N.J. a step closer to requiring licenses for home improvement contractors to weed out bad actors

A proposed law that would require new contractors to complete training and pass an exam before they could get a license to do home improvement or home elevation work in New Jersey is a step closer to landing on Gov. Phil Murphy’s desk.

The bill (A2138) was recently passed by the state Assembly after getting the approval of two Assembly committees.

Companion legislation in the state Senate (S1890) has not yet been scheduled for a hearing in the chamber’s Budget and Appropriations Committee, where it needs approval before a full Senate vote. It was already passed by the Senate Commerce Committee in December.

A spokesman for state Sen. Paul Sarlo, D-Bergen, who serves as chair of the budget committee, would only say the bill is “being reviewed.”

“There have been a significant number of bills referred to the Budget Committee in recent months,” spokesman Richard McGrath said. “This measure is being reviewed.”

If the Senate ultimately passes the measure, Murphy would then have to sign it for it to become law.

In addition to setting license requirements, the bill would create a board that would regulate the home improvement contractor profession.

Current state law does not require contractors to get a license. They only have to register with the state and buy a liability insurance policy, far less than what’s required of in many other professions. For example, hair stylists need 1,200 hours of instruction and to pass a state exam to get a license. Manicurists need 300 hours of instruction and to pass an exam to be licensed.

The bill was introduced in response to an NJ Advance Media investigation, “Hire at your own risk,” which spotlighted how poorly the current law protects consumers, bill sponsors said.

State Sen. Gordon Johnson, D-Bergen, primary sponsor of the Senate version of the bill, called the measure “a common sense bill.”

“It costs $20 to get a manicure? A haircut, $20 or $30? With a contractor, a homeowner is putting out thousands, if not tens of thousands of dollars, for a service and we don’t know if they are qualified to do it,” Johnson said.

He said the bill would protect consumers from unscrupulous contractors while helping the industry weed out bad actors.

“We will get it through,” Johnson said of the measure. “This will be done within the next couple of the months, hopefully before the budget.”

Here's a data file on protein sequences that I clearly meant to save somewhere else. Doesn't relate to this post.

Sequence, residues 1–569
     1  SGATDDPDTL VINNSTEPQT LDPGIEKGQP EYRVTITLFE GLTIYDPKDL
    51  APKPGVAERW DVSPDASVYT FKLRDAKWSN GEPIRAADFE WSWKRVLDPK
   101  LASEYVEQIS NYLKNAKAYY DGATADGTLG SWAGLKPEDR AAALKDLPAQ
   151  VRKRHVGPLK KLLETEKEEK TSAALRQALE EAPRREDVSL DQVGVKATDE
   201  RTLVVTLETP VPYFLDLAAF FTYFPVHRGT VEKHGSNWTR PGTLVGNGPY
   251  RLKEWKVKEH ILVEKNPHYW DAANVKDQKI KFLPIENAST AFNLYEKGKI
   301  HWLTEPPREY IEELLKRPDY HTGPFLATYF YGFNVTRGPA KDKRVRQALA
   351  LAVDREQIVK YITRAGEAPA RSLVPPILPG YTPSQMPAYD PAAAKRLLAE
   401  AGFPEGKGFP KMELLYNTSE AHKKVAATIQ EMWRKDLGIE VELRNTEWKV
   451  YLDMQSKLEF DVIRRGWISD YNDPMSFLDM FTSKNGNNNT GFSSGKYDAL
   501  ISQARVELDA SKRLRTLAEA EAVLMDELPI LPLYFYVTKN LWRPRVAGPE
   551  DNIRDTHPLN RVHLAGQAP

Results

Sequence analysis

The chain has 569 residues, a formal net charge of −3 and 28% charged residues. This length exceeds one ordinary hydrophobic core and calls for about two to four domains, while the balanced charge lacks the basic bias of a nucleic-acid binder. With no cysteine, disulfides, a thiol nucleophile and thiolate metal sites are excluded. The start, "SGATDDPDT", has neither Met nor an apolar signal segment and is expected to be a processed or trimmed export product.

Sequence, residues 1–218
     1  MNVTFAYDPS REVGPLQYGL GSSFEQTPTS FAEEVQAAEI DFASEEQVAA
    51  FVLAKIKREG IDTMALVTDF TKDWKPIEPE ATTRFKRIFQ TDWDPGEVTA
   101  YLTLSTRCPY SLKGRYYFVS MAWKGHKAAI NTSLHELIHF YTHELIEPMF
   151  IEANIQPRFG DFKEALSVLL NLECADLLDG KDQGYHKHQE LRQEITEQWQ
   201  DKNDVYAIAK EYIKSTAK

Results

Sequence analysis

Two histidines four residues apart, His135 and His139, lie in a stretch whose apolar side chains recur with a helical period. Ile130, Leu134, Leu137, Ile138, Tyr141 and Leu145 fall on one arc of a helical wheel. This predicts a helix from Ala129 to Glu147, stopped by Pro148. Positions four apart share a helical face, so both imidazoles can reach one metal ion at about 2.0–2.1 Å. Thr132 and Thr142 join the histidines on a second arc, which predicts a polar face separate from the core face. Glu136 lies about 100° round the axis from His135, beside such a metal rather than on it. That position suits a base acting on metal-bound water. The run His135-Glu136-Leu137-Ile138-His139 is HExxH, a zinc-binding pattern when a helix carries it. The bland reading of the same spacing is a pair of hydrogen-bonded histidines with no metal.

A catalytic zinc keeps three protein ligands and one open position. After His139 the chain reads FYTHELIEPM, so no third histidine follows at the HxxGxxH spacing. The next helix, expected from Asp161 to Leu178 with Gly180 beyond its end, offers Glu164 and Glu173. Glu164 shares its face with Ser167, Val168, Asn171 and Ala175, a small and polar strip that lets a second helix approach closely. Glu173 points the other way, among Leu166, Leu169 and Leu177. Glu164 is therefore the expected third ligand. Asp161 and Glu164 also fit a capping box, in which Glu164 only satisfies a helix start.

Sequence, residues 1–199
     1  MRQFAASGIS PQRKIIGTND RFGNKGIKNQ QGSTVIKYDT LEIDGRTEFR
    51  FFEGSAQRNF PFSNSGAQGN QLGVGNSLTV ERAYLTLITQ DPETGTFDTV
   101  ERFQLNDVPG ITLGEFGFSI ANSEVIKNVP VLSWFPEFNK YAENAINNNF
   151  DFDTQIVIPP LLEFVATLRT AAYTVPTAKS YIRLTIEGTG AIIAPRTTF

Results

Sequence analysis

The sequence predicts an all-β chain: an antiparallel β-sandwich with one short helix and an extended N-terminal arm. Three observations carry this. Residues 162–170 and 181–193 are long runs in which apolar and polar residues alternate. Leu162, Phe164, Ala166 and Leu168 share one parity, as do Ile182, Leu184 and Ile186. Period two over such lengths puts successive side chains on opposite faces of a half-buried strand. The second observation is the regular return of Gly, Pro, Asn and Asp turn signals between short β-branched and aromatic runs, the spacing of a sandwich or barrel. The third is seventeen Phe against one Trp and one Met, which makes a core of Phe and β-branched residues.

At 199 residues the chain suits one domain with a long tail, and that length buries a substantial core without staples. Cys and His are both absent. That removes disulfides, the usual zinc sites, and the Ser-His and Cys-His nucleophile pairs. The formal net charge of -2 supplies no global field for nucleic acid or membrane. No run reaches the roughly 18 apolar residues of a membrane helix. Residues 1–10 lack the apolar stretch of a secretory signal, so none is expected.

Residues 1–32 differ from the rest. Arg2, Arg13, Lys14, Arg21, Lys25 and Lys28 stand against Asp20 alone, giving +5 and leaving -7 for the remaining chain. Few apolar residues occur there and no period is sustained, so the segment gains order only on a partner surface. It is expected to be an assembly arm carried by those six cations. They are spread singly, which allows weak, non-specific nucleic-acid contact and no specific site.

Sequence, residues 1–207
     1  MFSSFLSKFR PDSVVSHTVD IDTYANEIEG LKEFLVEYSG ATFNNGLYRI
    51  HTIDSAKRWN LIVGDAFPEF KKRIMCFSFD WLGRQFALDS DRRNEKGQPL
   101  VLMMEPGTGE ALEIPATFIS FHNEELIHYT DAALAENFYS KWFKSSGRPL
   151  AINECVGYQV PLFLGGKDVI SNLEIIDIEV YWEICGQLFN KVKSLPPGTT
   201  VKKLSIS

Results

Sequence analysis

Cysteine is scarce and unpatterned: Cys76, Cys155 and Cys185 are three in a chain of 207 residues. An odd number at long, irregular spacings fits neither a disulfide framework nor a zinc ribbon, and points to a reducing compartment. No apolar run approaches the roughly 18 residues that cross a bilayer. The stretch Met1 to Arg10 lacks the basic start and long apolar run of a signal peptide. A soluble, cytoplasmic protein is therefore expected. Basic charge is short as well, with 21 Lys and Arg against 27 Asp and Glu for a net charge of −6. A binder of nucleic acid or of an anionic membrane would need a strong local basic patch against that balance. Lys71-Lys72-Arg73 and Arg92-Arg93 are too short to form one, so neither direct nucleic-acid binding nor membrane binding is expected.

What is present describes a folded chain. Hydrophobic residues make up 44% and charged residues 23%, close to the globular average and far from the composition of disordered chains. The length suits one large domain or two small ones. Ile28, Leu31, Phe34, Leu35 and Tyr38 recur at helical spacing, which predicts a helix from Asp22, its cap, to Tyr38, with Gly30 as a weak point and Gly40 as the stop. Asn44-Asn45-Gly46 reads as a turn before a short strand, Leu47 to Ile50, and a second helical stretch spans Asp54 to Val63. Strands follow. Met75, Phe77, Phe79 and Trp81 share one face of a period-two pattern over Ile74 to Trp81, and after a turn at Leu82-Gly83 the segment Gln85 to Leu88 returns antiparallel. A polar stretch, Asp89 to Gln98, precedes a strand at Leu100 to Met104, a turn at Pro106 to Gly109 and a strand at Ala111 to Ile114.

Assemblyman Paul Moriarty, D-Gloucester, a primary sponsor of the Assembly version of the bill, said the measure “has gotten no opposition from the industry,” noting that NJBIA is “neutral” on the measure.

It would create the New Jersey State Board of Home Improvement and Home Elevation Contractors. It would have nine members: five home improvement contractors, one home elevation contractor, two members of the public and one member appointed by the governor.

The board would establish a code of ethics and standards for the industry. It would also set new education and experience requirements to be eligible for a license, which would be up for renewal every two years.

New contractors would have to complete an apprenticeship or training program or have a minimum of two years of experience under the direct supervision of an approved professional to get the license. They would also need to pass an exam that would test their knowledge of the field and related state law.

Contractors who have been registered as a home improvement contractor for at least five years would get a license — pending proof of other requirements — when their current contractor registration expires. Home elevation contractors with at least five years of experience in the home elevation business and who have been registered as a home improvement contractor for at least five years, or who have been registered as a home elevation contractor for at least five years, would also be eligible.

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Karin Price Mueller may be reached at [email protected]. Follow her on Twitter at @KPMueller.

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